The male urethra has an average length of 20–25 cm. It starts at the Ostium urethrae internum and ends at the Glans penis, the Ostium urethrae externum. Its task is, besides the passing of urine, the transport of seminal fluid.
Anatomy of the male urethra
The urethra masculina is divided into 3 parts:
- Pars prostatica: inside the prostate, approx. 4 cm long
- Pars membranosa: runs about 2 cm through the Diaphragma urogenitale (above: Musculus sphincter urethrae, below Ampulla urethrae)
- Pars spongiosa: in the Corpus spongiosum, 10–20 cm long, extends to the Fossa navicularis
The urethra passes two curvatures on its course The Curvatura infrapubica is between the Pars membrana and the Pars spongiosa. The Curvatura prepubica is between the proximal and distal area of the Pars spongiosa.
Additionally, the urethra narrows and widens in three different places:
- Ostium urethrae internum
- Sphincter urethrae
- Ostium urethrae externum
- Pars prostatica
- Ampulla urethrae
- Fossa navicularis
The urethra is composed of the following layers from the inside to the outside:
- Tunica mucosa: urothelium, from the Pars prostatica merging into a multi-layered and multi-row highly prismatic epithelium and from the Fossa navicularis into a multi-layered, non-cornified squamous epithelium
- Tunica propria: connective tissue with venous plexus
- Tunica muscularis: Stratum longitudinale and circulare consisting of Stratum longitudinale and circulare
Diseases of the urethra
This is an inflammation of the urethra, triggered by bacterial pathogens or by “classic” sexually transmitted diseases. A common cause is Neisseria gonorrhoeae (gonococcus) spread by sexual intercourse directly to the urethra in the man and indirectly from the perineum in the woman. Many cases of urethritis have no known cause, i.e., non-specific urethritis. A stricture can occur as a complication.
Urethral stricture or urethra narrowing results from sexually transmitted diseases, infections, accidents, catheterism, or congenital malformations. Urinary retention, painful micturition, or incomplete urination (residual urine) can emerge.
Carcinoma of the urethra rarely occurs. Nevertheless, it originates in the bladder neck in 90% of all cases. Another form is the Condylomata acuminata (acuminate wart), which is caused by infections.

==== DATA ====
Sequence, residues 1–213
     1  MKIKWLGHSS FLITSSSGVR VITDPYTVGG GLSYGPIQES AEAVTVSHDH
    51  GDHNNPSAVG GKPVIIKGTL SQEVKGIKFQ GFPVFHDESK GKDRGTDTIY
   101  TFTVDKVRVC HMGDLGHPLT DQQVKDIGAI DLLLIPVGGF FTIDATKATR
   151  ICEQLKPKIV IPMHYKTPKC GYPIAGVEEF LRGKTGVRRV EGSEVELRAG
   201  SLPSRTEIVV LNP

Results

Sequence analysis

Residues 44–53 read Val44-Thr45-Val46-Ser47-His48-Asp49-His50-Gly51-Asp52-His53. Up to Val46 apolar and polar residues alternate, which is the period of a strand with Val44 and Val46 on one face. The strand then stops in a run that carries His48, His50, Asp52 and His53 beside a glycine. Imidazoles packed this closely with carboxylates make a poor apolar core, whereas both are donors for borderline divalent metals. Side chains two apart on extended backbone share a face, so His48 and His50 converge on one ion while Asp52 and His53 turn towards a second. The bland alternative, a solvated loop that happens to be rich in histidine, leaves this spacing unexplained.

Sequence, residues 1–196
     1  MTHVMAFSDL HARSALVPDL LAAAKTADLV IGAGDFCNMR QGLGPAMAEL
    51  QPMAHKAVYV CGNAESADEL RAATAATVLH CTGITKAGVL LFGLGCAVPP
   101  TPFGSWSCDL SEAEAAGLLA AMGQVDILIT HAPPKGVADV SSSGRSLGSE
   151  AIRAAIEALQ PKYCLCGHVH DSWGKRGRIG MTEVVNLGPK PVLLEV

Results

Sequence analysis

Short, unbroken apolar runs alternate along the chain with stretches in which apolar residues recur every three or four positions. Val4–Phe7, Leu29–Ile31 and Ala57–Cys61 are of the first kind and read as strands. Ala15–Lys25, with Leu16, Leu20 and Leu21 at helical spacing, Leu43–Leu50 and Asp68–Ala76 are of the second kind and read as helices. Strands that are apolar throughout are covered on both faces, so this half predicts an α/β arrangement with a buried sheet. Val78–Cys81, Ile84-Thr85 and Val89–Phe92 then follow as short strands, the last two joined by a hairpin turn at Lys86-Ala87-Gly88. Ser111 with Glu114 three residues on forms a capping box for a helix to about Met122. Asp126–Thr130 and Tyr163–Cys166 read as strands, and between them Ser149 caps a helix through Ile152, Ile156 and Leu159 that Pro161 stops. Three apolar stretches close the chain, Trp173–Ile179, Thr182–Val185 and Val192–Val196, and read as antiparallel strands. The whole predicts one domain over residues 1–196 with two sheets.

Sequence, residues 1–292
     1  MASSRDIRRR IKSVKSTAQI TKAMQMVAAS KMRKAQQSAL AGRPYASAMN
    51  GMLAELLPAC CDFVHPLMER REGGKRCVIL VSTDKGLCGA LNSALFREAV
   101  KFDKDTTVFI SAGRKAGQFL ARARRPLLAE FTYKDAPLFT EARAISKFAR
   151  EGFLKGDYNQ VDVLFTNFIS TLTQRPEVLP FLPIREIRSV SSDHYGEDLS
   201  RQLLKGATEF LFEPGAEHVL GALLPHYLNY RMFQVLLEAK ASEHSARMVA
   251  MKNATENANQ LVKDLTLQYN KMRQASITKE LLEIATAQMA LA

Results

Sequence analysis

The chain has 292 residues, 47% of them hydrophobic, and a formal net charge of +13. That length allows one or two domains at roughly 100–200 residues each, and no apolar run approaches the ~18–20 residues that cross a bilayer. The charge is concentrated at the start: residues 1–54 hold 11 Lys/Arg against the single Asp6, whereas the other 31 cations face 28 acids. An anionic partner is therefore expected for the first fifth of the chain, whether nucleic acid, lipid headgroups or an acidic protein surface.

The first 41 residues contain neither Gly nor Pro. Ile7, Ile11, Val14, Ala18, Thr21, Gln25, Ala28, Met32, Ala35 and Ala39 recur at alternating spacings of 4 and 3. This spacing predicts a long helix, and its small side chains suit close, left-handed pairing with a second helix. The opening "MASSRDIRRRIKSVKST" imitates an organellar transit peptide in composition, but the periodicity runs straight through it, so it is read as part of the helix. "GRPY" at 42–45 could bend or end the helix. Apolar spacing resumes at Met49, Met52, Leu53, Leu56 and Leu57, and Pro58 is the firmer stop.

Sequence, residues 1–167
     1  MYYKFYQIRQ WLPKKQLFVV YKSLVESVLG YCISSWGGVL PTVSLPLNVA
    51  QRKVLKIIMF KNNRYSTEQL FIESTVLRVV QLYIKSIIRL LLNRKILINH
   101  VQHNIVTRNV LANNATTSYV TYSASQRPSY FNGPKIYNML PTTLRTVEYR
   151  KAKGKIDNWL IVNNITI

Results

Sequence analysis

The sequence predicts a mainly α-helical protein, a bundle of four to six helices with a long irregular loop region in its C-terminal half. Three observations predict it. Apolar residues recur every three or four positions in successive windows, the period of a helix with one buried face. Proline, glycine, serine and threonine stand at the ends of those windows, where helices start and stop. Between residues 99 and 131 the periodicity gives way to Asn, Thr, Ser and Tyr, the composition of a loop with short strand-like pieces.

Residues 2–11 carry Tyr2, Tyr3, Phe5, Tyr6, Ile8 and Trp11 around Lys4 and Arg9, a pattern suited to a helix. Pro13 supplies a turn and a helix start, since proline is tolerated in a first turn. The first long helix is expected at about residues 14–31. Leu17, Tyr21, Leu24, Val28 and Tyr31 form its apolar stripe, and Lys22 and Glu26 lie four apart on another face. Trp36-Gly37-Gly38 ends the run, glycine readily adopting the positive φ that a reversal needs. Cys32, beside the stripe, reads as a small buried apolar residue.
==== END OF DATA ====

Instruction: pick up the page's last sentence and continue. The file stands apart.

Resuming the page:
Micturition may also be called urination or voiding. In the case of a healthy adult, micturition usually is a random process. The random closure of the urethra happens through the M. sphincter urethrae, which is innervated by the Nervus pudendus.
The urgency to pass urine in an adult occurs when the bladder is filled to about 300–500 mL. With the increased filling, the bladder wall widens, stretching the wall; the stretching is sufficient to generate sensory impulses that travel to the sacral spinal cord, which eventually passes onto the parasympathetic centers of the spinal marrow, triggering the micturition reflex. This is a spinal cord reflex over which voluntary control may be exerted. The stimulus for the reflex is the stretching of the detrusor muscle of the bladder. The bladder can hold as much as 800 mL of urine, or even more, but the reflex is activated long before the maximum is reached.
Motor impulses return along the parasympathetic nerves to the detrusor muscle. The M. detrusor vesicae are contracted in the willing micturition. Meanwhile, the ureter openings close, the blood of the uvula escapes and the Ostium urethrae externum is widened. The M. sphincter urethrae cause its contraction through the work of the detrusor muscle and, if necessary, through the support of the Heimlich maneuver, the bladder can now be emptied. In other words, the process of urination is a combination of tension (detrusor and Heimlich maneuver) and relaxation (sphincter).
Urination can be prevented by voluntary contraction of the external urethral sphincter. However, if the bladder continues to fill and be stretched, voluntary control is eventually no longer possible.